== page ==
• THE THIRD PARTY MUST NOT KNOW THE PERSON WITH WHOM HE HAS ENTERED INTO THE TRANSACTION HAS NO AUTHORITY NOR THE PERMISSION OF THE OTHER PARTNERS TO ACT ON BEHALF OF THE FIRM


    Contractual liability

    CONTRACTUAL LIABILITY

    EVERY PARTNER IN THE FIRM IS LIABLE JOINTLY WITH THE OTHER PARTNERS FOR ALL DEBTS AND OBLIGATIONS OF THE FIRM INCURRED WHILE HE IS A PARTNER; AND AFTER HIS DEATH HIS ESTATE IS ALSO SEVERALLY LIABLE IN A DUE COURSE OF ADMINISTRATION FOR SUCH DEBTS AND OBLIGATIONS, SO FAR AS THEY REMAIN UNSATISFIED BUT SUBJECT TO THE PRIOR PAYMENT OF HIS SEPARATE DEBTS

    SECTION 11 PARTNERSHIP ACT


    Tortious liability

    TORTIOUS LIABILITY

    WHERE BY ANY WRONGFUL ACT OR OMISSION OF ANY APRTNER ACTING IN THE ORDINARY COURSE OF THE BUSINESS OF THE FIRM OR WITH THE AUTHORITY OF HIS CO-PARTNERS, LOSS OR INJURY IS CAUSED TO ANY PERSON NOT BEING A PARTNER IN THE FIRM, OR ANY PENALTY IS INCURRED, THE FIRM IS LIABLE THEREFORE TO THE SAME EXTENT AS THE PARTNER SO ACTING OR OMITTING TO ACT

    SECTION 12 PARTNERSHIP ACT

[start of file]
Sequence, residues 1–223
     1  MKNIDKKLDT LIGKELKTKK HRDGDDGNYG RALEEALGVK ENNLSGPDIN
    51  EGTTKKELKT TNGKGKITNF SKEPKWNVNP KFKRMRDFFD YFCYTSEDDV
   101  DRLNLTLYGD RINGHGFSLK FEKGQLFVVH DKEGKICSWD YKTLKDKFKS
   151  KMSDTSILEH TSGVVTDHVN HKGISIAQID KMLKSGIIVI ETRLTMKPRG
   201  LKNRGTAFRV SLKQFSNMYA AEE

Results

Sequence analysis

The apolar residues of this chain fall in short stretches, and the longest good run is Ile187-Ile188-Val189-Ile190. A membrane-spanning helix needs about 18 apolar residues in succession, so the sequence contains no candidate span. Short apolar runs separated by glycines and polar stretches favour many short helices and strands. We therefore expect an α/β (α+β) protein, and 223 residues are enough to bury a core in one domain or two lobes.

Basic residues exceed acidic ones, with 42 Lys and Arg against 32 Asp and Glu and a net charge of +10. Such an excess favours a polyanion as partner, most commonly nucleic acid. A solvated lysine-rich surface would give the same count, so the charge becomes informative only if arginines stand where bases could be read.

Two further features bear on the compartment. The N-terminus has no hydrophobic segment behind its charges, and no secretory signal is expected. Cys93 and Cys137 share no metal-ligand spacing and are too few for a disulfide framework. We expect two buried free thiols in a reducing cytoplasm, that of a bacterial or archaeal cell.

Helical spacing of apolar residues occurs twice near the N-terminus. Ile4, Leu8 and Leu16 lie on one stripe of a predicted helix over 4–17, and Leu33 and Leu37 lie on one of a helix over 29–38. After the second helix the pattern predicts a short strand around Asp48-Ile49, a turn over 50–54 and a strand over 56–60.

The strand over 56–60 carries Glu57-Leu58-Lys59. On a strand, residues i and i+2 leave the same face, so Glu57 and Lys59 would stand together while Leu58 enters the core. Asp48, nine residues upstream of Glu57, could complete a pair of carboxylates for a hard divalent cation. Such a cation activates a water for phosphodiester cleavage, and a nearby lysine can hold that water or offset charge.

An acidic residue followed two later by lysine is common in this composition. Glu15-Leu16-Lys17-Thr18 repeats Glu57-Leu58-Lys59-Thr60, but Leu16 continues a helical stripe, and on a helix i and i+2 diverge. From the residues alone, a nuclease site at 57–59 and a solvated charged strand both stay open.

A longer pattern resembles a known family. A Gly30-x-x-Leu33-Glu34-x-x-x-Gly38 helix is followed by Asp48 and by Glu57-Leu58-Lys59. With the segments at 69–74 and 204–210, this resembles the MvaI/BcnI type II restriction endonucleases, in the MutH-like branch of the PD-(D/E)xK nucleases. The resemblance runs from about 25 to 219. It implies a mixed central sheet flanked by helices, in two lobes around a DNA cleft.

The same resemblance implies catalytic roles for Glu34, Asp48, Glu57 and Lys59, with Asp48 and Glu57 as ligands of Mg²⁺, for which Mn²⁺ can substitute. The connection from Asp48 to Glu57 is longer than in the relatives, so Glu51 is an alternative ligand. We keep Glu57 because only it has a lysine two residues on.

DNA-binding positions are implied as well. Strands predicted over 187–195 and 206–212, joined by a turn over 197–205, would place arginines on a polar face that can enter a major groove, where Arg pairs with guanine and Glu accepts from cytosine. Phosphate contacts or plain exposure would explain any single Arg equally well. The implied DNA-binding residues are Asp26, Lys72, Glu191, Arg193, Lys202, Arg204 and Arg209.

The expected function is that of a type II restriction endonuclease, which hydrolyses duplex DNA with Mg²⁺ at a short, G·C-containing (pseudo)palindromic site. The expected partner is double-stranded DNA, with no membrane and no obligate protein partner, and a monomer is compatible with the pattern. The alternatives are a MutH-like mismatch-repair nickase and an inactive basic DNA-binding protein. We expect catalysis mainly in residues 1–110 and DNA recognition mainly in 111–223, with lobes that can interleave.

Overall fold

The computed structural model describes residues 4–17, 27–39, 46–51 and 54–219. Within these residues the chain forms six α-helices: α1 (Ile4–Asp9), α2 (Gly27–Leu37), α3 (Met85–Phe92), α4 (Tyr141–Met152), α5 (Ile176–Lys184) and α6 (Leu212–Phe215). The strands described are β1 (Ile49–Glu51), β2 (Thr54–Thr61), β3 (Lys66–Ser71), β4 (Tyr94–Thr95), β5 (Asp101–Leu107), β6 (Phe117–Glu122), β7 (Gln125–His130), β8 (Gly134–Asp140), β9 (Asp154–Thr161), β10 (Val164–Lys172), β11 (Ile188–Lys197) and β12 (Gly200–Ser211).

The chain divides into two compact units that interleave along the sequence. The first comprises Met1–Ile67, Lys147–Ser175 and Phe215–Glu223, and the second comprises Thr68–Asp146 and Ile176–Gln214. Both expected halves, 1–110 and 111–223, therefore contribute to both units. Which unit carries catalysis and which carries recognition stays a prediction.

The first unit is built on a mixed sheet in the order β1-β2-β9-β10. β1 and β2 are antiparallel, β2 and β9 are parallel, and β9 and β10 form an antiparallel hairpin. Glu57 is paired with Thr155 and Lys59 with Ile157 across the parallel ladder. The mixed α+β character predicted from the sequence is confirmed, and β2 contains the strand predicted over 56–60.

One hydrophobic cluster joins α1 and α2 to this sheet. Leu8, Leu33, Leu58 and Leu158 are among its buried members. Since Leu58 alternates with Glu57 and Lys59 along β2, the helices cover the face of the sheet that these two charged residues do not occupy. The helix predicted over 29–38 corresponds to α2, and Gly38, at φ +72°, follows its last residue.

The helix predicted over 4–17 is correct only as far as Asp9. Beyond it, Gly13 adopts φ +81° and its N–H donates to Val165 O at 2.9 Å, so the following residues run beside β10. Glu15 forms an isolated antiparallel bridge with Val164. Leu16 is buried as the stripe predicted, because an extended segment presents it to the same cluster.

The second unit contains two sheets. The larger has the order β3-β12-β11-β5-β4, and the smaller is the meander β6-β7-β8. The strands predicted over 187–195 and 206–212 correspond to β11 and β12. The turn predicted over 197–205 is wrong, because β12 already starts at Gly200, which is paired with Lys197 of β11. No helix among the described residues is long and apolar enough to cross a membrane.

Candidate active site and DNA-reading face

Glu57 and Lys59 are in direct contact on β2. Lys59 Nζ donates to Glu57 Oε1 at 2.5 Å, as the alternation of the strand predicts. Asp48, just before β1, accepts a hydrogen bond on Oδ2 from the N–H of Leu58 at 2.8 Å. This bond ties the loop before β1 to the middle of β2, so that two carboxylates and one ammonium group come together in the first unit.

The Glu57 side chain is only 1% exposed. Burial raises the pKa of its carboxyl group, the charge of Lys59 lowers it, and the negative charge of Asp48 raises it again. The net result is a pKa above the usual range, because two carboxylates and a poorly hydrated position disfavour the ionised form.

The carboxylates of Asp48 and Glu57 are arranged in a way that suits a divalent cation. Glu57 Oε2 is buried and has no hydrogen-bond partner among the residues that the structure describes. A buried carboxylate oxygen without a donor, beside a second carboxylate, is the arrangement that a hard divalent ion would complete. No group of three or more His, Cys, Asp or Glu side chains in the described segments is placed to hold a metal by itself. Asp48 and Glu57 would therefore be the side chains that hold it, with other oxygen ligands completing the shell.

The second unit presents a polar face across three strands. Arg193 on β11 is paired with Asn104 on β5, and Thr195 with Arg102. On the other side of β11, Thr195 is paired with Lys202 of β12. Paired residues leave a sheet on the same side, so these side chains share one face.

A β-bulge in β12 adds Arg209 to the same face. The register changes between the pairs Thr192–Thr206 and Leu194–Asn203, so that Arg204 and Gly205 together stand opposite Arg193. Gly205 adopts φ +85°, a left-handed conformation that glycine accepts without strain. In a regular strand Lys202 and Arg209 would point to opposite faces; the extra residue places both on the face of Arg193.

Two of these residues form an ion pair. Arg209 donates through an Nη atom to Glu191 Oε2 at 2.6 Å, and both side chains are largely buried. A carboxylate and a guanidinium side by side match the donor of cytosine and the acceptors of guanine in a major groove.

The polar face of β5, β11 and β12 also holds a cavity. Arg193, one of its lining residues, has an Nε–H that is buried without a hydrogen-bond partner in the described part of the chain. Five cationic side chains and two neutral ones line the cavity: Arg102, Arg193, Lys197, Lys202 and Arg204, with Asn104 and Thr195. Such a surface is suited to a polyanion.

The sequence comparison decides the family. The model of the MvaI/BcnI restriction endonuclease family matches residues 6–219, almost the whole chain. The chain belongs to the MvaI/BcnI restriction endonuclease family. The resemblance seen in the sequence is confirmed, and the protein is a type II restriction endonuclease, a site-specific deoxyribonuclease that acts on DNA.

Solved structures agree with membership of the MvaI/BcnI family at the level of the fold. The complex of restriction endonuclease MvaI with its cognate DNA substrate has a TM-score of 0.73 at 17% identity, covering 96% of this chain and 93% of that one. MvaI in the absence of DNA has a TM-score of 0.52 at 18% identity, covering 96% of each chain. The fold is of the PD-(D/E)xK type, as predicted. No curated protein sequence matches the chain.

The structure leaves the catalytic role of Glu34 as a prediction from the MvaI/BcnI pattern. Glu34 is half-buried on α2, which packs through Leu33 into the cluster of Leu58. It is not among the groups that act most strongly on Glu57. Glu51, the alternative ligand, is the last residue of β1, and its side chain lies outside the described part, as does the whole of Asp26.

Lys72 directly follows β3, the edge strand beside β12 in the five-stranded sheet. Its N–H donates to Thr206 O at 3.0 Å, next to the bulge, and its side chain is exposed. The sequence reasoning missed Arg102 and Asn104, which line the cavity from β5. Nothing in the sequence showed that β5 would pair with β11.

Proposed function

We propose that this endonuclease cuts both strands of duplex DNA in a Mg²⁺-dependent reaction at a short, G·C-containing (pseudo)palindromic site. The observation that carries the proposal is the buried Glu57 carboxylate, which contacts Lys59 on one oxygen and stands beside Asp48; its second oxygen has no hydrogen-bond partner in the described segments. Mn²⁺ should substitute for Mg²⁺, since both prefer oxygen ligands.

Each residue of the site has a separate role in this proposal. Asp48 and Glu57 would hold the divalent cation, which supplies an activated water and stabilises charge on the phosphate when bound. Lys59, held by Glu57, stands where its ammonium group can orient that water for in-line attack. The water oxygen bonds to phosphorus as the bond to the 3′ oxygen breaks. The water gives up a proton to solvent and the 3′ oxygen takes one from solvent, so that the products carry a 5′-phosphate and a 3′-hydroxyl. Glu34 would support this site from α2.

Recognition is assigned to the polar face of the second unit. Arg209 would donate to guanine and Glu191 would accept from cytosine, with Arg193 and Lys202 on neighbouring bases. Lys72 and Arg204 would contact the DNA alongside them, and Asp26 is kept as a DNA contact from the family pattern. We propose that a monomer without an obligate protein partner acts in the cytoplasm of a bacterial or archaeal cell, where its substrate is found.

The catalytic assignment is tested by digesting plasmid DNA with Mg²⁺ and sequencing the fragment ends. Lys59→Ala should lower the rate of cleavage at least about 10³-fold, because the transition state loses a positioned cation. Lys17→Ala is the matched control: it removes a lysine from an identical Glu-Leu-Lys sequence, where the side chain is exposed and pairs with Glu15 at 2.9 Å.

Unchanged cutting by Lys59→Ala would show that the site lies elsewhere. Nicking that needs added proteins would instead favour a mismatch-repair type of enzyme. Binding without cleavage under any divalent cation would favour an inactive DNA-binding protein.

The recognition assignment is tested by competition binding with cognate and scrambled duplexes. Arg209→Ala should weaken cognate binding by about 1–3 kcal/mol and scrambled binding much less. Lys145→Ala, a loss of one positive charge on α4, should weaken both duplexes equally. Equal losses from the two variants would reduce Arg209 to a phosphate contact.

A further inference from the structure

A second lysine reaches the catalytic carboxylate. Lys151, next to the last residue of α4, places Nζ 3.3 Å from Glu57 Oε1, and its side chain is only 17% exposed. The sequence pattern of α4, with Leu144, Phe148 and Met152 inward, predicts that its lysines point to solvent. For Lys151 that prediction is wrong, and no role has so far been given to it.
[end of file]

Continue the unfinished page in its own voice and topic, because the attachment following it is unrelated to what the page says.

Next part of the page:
Criminal liability

    CRIMINAL LIABILITY

    CRIMINAL LIABILITY IS A PERSONAL LIABILITY OF THE PARTNER WHO COMMITS THE CRIME

    IN GARRETT V HOOPER [1973] Crim.L.R. 61, LORD WIDGERY STATED;

    ‘THE GENERAL PRINCIPLE IN CRIMINAL LAW IS THAT A PRINCIPAL CANNOT BE MADE LIABLE FOR AN OFFENCE THAT REQUIRES MENS REA SIMPLY BECAUSE HIS SERVANT OR AGENT HAS THE NECESSARY MENS REA’

    CHUN SHIN KIAN V DPP [1980] 2 MLJ 246


    Misapplication of money or property of a third party

    MISAPPLICATION OF MONEY OR PROPERTY OF A THIRD PARTY

    IN THE FOLLOWING CASES, NAMELY;

    A) WHERE ONE PARTNER, ACTING WITHIN THE SCOPE OF HIS APPARENT AUTHORITY, RECEIVES THE MONEY OR PROPERTY OF A THIRD PERSON AND MISAPPLIES IT; AND